Note: This article was first published on 3rd March 2020.
The HP Elite Dragonfly is probably one of the best-looking business notebooks I've seen. It doesn't even look particularly like one, sporting a deep cerulean blue finish that's absolutely gorgeous. The magnesium alloy chassis is slim and light, boasting an impeccable fit and build. It's rugged too, having passed 19 MIL-STD for drops, shocks, and vibrations. My editor has covered it in greater detail when it first launched, so I'll just be picking out the highlights in this review article before assessing its performance capabilities.
But while it looks great and feels wonderful in hand, its main selling point is really all the business-oriented design elements that are on display here.
Here's an overview of the laptop's specifications:
This convertible won't come cheap though, and the above configuration will cost you a good S$3,319. But for the price, you get a really thoughtfully designed notebook that comes with just about everything you could want in your work laptop. The one downside is that the processor is an 8th Gen Intel chip rather than one of the newer 10th Gen ones, which does make the specifications seem a little dated. What's a bit odd also is that this particular unit comes configured with a consumer Intel chip, as opposed to the Core i7-8665U, which features vPro support.
Nevertheless, HP announced at CES that it was updating the Elite Dragonfly with the newer 10th Gen processors, so it should just be a matter of time before that becomes available to buy here.
This is also a 2-in-1 convertible that works as a tablet, and it ships with an HP Active Pen G3 that will allow you to quickly take notes on the go. The pen pairs with the Elite Dragonfly via Bluetooth, and it attaches magnetically to the top of the display so it won't just roll away when you set it down. It supports 4,096 levels of pressure sensitivity, and writing – and also shading – with it feels natural and responsive. The palm detection works well too, and I didn't encounter any unwanted inputs when writing in OneNote.
The hinge feels fluid, possessing a reassuring amount of resistance that makes it feel really sturdy. However, my one gripe would be that the lid cannot be opened one-handed.
This includes things like an oleophobic coating on the chassis to keep the fingerprints and other grease stains away. This is super useful, and the last thing you want is to take a dirty-looking laptop and display it at a board meeting. The coating seems to work pretty well in my time with the laptop, and it hasn't picked up any prints yet.
Another feature I want to call attention to is the Sure View screen technology, which is basically a built-in privacy filter that you can toggle on and off. Hitting F2 activates the feature, drastically narrowing the viewing angle and making the screen look dimmer when viewed from the front. I could see people using this whenever they're viewing sensitive information, and it's an invaluable feature for corporate customers.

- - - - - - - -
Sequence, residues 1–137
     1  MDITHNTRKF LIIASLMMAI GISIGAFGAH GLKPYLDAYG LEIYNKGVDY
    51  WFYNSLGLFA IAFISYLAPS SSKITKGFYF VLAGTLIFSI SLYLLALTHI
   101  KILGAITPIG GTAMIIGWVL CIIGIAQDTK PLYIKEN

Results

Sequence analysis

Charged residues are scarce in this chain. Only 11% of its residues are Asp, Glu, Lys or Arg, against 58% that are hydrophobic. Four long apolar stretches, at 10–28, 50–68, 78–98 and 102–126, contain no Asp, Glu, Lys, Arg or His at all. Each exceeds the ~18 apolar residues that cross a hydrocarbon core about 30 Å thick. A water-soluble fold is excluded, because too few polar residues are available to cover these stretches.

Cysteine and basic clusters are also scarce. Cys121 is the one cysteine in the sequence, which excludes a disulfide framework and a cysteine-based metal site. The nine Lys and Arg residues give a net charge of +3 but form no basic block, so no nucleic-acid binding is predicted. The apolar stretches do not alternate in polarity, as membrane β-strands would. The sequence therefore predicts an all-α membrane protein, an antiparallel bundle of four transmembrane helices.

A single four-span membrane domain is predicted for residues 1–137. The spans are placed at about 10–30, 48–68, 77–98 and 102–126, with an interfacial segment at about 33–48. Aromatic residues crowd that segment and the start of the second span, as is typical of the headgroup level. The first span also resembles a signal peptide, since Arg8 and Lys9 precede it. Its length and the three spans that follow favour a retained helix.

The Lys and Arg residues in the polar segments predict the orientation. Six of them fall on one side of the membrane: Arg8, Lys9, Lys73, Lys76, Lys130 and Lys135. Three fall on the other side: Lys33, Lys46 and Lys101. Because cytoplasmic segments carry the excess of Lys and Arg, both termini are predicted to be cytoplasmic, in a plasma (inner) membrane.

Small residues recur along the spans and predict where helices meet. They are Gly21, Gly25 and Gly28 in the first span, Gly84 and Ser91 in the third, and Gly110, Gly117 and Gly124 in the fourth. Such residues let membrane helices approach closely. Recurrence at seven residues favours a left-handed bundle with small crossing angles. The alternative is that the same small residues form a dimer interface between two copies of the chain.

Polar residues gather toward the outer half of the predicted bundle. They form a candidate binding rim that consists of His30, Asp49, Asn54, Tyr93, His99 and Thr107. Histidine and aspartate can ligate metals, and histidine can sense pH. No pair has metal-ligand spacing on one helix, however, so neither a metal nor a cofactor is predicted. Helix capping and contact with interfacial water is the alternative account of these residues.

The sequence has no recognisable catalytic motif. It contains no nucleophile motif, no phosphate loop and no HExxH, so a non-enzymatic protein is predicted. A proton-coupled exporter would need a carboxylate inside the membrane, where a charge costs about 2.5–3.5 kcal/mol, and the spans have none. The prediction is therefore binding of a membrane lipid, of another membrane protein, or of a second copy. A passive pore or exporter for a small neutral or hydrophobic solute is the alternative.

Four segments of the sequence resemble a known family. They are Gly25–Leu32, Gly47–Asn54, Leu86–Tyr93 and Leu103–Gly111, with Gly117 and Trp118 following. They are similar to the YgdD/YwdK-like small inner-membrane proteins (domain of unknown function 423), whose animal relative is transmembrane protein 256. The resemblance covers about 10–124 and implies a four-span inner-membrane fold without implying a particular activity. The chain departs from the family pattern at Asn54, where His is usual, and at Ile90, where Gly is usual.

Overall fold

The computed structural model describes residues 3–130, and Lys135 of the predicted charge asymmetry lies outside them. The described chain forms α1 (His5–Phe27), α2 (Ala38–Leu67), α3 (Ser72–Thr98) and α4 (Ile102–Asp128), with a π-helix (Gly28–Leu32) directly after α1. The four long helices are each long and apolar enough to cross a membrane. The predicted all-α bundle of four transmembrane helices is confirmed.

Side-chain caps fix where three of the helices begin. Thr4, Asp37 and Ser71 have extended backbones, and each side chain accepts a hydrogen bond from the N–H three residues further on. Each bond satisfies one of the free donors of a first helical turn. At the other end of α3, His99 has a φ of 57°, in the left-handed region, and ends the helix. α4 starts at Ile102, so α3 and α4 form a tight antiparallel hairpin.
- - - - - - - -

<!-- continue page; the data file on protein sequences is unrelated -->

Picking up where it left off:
However, the display is highly reflective, but that can be mitigated somewhat by turning the brightness up. The screen can get very bright, ramping up to a good 1,000 nits. However, it seems like the built-in privacy filter has affected the viewing angles somewhat even when it is not active, and the screen appears just a tad dimmer than I'm used to when viewed from the side.
And then there's the webcam shutter, which you can just slide shut to block out the webcam. Again, this will earn you style points since you don't have to stick tape over the camera, assuming this is something you're really worried about. Unfortunately, the shutter also blocks the infrared camera, so you can't sign in using Windows Hello's facial recognition feature with the camera covered. There's still a fingerprint reader on the right palm rest though, so you don't have to tap out your password.
If you press F8, you'll also instantly mute your microphone with just a single tap as well, which can be pretty useful if you take a lot of conference calls on your laptop.
The keyboard is probably one of the most important aspects of any laptop, and HP has nailed it here too. There's deep and satisfying key travel, for a laptop of this size that is, and the glass trackpad is slick and responsive. The latter is also large enough so it never feels too cramped.
Elsewhere, the speakers have quite clearly been tuned to emphasise the vocals in audio sources, but that means they don't sound as good when playing music. Bass is really lacking, and the emphasis on the mids is overwhelming.
Finally, the Elite Dragonfly has most of the connectors that you'll need, including not one, but two, Thunderbolt 3 ports and even a full-sized HDMI 1.4 output. There's also a USB 3.1 (Gen 1) Type-A port and one 3.5mm headphone and microphone combo jack.
My review unit also comes configured with support for the latest Wi-Fi 6 standard and an LTE module for cellular connectivity on the road. The nano-SIM slot sits on the left, and you just push the slot in to pop it out.
Hardly anything is missing from the Elite Dragonfly, and the only thing I can think of is an SD card slot. That said, an SD card reader is arguably a feature more useful to creative professionals rather than the corporate types that the Elite Dragonfly was mostly intended for.